As the drunk is being pulled over he pops his pill, right?  Remember that cigarette that he lit?  That’s a timer right there.  The check on the license and registration takes from three to five minutes as it is – and the officer has to wait at least five minutes after the cigarette is extinguished to run a breathalyzer test, because the smoke messes with the test.  The pill won’t stop drunks from driving, it will help them to keep from getting caught in the act.  Drunk driving will go up because it will be easier to get away with it.

Now, you may be thinking – “hey, jackass, don’t give the drunks any ideas”!!!  Oh, you silly, silly, well-intentioned yet entirely incorrect person.  I’ve been sober for twenty years now and I figured this out within five seconds of hearing of it for the first time – the practicing drunks are salivating waiting for this pill.

Finally, we need not worry.  This pill probably won’t see the light of day anyway.  It’s got three strikes against it (maybe four or five) before the FDA has a chance to look at it.

First Strike:  Liability.  Can you imagine the legal ramifications if someone gets into their car and that pill doesn’t work and the driver slides into a family of six?

Second Strike:  Governments will lose the revenue generated by prosecuting drunks, and make no mistake about it, DUI prosecutions are big business…  They’re one of the few crimes committed that cops can actually stop in progress by cruising the streets.  No chance that revenue stream will be shut off.  Now there is a chance that the costs to government in prosecuting and monitoring the probation of offenders is significant and a lot of money could be saved if they weren’t prosecuting drunks, right?  Now you’re trying to use logic when talking about local government.  No government jobs will be cut as a result, they’ll just lose revenue.  Trust me on this one.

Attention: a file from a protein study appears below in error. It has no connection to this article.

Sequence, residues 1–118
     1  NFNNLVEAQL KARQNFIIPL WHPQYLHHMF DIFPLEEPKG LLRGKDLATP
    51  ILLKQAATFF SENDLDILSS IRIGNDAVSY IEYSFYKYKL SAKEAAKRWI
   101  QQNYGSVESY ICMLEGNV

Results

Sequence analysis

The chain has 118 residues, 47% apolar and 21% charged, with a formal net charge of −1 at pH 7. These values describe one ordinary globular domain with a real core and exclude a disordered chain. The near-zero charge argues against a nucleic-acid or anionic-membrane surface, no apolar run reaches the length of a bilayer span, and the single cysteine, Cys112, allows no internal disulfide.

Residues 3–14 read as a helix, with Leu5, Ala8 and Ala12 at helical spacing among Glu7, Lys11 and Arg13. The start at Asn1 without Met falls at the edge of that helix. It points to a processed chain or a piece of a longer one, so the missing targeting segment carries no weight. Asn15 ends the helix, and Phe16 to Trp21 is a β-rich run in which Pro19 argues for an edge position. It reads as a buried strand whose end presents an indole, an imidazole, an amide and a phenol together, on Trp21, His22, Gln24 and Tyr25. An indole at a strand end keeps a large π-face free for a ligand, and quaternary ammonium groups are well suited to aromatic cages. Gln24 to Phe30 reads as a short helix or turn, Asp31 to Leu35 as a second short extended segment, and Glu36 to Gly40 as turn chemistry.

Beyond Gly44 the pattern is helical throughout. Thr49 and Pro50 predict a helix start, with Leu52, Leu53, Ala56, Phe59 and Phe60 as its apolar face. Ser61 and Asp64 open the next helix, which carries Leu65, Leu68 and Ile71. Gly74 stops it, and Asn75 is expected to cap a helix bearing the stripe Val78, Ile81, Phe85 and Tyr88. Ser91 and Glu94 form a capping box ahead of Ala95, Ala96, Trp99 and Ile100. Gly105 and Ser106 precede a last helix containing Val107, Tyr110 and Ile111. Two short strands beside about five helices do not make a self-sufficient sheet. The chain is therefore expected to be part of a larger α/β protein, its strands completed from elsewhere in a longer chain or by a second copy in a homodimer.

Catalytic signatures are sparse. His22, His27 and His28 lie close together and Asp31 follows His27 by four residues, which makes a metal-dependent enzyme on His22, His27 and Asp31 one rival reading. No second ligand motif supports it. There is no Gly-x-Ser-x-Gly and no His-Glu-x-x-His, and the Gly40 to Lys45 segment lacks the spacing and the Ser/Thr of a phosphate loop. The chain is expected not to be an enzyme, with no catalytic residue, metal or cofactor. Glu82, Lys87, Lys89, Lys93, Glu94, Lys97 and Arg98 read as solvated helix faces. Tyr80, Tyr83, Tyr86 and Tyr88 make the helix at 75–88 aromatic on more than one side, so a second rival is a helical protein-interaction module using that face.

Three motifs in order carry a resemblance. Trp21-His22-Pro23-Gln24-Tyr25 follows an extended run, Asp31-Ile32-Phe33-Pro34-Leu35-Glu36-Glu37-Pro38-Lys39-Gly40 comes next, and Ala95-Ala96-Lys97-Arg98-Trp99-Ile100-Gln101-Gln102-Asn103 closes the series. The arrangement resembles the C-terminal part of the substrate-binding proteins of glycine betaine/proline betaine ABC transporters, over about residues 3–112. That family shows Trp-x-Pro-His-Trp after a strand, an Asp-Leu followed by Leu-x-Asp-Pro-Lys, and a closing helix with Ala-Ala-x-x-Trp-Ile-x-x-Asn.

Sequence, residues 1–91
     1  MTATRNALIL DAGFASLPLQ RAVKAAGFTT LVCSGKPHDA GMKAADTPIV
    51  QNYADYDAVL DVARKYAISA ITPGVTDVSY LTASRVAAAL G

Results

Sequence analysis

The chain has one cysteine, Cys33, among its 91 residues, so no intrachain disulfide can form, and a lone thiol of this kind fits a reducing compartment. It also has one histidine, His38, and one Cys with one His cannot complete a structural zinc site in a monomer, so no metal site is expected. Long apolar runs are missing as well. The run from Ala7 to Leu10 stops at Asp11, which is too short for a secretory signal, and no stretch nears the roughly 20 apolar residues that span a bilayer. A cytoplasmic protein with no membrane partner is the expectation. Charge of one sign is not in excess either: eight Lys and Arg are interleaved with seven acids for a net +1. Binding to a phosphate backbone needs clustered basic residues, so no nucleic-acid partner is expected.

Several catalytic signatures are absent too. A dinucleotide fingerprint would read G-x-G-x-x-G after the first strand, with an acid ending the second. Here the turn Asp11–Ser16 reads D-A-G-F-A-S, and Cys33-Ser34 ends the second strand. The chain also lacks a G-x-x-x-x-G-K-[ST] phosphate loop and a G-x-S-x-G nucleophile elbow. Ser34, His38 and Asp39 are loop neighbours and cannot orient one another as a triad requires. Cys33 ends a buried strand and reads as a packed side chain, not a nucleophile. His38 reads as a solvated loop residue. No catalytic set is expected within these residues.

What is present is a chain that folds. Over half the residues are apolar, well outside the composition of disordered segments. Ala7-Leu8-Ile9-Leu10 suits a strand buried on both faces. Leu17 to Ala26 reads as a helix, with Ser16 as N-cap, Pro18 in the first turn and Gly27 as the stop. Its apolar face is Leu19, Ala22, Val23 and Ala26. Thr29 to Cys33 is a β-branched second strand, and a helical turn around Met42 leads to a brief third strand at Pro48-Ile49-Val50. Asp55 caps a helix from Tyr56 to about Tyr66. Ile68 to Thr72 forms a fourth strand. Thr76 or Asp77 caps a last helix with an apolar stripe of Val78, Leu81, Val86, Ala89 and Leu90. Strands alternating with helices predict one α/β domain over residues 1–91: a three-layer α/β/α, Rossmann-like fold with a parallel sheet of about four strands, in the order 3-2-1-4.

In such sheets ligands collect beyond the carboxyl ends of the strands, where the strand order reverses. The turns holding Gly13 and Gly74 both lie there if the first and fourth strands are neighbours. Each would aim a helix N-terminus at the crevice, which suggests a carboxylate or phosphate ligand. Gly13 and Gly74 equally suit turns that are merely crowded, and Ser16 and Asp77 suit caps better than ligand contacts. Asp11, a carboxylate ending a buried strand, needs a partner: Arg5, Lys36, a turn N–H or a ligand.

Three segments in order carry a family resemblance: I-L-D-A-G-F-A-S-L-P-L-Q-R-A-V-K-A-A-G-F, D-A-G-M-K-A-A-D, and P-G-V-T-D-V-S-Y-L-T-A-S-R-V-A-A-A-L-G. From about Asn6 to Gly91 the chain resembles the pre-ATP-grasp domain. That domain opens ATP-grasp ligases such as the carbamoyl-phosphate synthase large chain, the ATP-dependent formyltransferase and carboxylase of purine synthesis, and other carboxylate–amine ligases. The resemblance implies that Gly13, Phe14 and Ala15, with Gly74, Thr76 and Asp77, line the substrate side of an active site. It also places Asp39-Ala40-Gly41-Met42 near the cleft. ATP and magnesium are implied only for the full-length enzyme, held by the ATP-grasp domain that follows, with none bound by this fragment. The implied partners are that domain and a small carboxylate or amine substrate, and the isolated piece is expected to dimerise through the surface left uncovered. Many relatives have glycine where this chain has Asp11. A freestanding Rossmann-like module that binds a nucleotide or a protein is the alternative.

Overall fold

Third Strike:  This pill would make policing miserable, if not near impossible.

In short, I predict a swift and sound dismissal from the FDA.

Oh, by the way…  One more thing I forgot to mention:  It is my understanding that this pill messes with brain receptors to counter the effects of the alcohol.  Taking this pill will have disastrous consequences in terms of the liver.  That’s one more strike.

The Theory of Cycling Relativity…

I bought a new laptop the other day – my old one, while a Ferrari in its day (huge 18.4″ screen, 2 Gigs of RAM, etc.)… When it comes to computers, I only do laptops and I like ’em big, fast and top of the line. The old laptop was six years old and still performed admirably, quickly and for the most part without error (no blue screens of death etc.). In fact, the way I saw it, I really didn’t have a reason to upgrade – my system works quite well and I’m pleased with it. So much so that I’ve worn down the braille bars on the F and J. Unfortunately, my industry specific software is just about to render the old machine obsolete – so it was time to move up. I thought my old computer worked great, until I had two days with my new Ferrari. It’s the very top of the line, though I opted for the less bulky and lighter 17″ (and change) screen. Startup is mere seconds now, shutdown just as fast, and the operation of my programs is seemless. A re-calculation on my old machine that would take 10-20 seconds is now done in a flicker. I didn’t know what I was missing. I’m even more efficient now than I was two weeks ago, and that’s saying something (the two days it took to transfer files and get used to the new system was a little rough going, but that goes with the territory).